A study on mobile technology and its social impact conducted by United States-based Pew Research Center ranked the Philippines on top of 11 emerging economies when it comes to the number of users who blocked someone because of politics. (Leviathanjounral.org)
Pinoys pinakaraming gumamit sa social media tungkol sa politika
(The Philippine Star) – May 19, 2019 – 12:00am
MANILA, Philippines — Filipinos are among those who are most comfortable talking about politics, although a recent survey showed that four in every 10 social media users in the Philippines have blocked someone because of their political views.
A study on mobile technology and its social impact conducted by United States-based Pew Research Center ranked the Philippines on top of 11 emerging economies when it comes to the number of users who blocked someone because of politics.
The results of the survey released last week revealed that 42 percent of the Filipino respondents said they have blocked someone because of their political views. Fifty-seven percent said they have not.
This is eight points higher than the average among those countries included in the study.
Following the Philippines is Kenya with 39 percent, Lebanon 37, Vietnam 36, Jordan 35, South Africa 34, Venezuela 25, Colombia 24, Tunisia 21, India 18 and Mexico with 17 percent.
The same study showed the Philippines topped the 11 countries in terms of discussing politics, whether on social media or face-to-face.
Eighty-one percent of Filipinos said they feel comfortable talking about politics face-to-face, while 72 percent said they are comfortable when using mobile phones.
“But although majorities of adults in most of the countries surveyed say they feel comfortable discussing politics in face-to-face settings, people are often less likely to feel comfortable talking about these issues on their mobile phones,” read the paper.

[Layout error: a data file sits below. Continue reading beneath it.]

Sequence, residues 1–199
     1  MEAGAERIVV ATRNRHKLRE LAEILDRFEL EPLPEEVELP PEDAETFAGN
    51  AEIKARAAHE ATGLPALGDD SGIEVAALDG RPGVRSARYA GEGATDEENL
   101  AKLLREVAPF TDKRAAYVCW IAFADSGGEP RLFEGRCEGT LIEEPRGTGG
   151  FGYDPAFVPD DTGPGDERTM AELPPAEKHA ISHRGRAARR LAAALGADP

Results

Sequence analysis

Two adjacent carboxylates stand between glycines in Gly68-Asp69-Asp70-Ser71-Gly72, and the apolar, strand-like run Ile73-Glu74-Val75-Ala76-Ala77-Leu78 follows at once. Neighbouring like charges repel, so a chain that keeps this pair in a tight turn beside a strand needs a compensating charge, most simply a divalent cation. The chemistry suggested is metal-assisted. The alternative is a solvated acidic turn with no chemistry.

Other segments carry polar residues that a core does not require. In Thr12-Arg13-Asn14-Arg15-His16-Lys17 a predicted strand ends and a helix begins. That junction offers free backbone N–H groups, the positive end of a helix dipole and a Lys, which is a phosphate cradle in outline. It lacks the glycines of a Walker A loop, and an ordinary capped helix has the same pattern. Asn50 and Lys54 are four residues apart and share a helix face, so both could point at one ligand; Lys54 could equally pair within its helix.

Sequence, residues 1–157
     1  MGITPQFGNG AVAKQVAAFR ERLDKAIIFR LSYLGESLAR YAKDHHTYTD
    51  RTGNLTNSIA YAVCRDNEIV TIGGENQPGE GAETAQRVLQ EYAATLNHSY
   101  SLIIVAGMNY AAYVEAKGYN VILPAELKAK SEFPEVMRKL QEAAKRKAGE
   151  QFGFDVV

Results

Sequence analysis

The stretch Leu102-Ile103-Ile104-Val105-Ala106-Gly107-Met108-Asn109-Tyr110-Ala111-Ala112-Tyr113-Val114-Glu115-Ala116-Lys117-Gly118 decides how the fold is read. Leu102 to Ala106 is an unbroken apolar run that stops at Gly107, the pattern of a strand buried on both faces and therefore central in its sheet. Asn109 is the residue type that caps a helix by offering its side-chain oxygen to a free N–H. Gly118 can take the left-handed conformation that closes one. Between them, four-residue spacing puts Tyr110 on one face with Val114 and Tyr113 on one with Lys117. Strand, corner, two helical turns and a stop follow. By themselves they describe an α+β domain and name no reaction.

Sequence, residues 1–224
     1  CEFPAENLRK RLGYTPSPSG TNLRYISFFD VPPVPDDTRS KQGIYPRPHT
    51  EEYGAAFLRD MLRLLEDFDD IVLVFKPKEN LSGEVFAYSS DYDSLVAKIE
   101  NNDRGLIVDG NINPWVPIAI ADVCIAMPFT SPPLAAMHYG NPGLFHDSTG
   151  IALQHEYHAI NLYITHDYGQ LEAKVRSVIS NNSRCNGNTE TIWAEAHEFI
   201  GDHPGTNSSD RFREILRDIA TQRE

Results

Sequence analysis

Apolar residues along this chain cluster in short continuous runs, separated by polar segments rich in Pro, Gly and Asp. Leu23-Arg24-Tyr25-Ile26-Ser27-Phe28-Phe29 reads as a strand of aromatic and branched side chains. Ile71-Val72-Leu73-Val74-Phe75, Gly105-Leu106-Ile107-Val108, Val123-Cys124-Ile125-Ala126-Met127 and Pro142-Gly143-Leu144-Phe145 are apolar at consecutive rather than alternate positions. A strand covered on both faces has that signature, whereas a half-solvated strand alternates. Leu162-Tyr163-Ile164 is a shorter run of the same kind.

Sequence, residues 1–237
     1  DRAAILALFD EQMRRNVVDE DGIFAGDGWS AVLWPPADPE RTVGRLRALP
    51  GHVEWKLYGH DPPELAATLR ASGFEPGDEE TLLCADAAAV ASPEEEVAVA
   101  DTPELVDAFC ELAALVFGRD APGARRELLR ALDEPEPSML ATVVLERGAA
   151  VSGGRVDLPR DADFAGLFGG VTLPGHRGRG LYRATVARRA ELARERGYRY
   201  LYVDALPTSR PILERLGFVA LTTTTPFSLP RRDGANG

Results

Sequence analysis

“Across the 11 countries, Filipinos are the most comfortable with using their mobile phones to discuss political issues: 72 percent of Filipino mobile phone users say they’d be comfortable doing so, including around a quarter who would be very comfortable,” it added.
The study showed that exposure to false or incorrect information is prevalent in 11 emerging economies, including the Philippines.
The survey, which had 2,487 Filipino respondents, showed that 68 percent have seen articles or contents that are obviously false or untrue.
The country ranked sixth, following Tunisia with 78 percent, Lebanon 76, Vietnam 72, Jordan 71 and South Africa with 69 percent.
Following the Philippines were Venezuela with 57 percent; Kenya, Colombia and India with 55 each and Mexico 44 percent.
Among the Filipinos who have seen false content, 67 percent believed that access to mobile phones, social media and internet have made it easier to manipulate people with false information or rumors.
Fifty-seven percent of those who saw false information said these technologies have increased the risk of people being manipulated by politicians.
Despite the high number of those who see false information online, 75 percent of Filipino netizens said social media and messaging applications have introduced them to a new idea.
“This highlights the double-edged quality of social media that people in these 11 countries perceive,” said Laura Silver, senior researcher focusing on global research at the Pew Research Center.
“They see and worry about the baleful effects but can also speak to its benefits. Even those who regularly see false or misleading content are not unambiguously critical of social media,” Silver added.
She said those who see false and misleading information view social media more negatively, particularly in dividing people politically and making it easier for politicians to manipulate them.
Aside from the survey, the study also conducted focus group discussions in the Philippines, Kenya, Mexico and Tunisia. The results have a margin of error of 2.3 percentage points.
Read more at https://www.philstar.com/headlines/2019/05/19/1919057/pinoys-block-people-over-politics-social-media-study?fbclid=IwAR0AC4GZKcFV48j–okisCl5mvn3OzaoX4HNYlF8dzdpxNvG7RxdPio0c5Y#ub3h2vxa2lczVW9w.99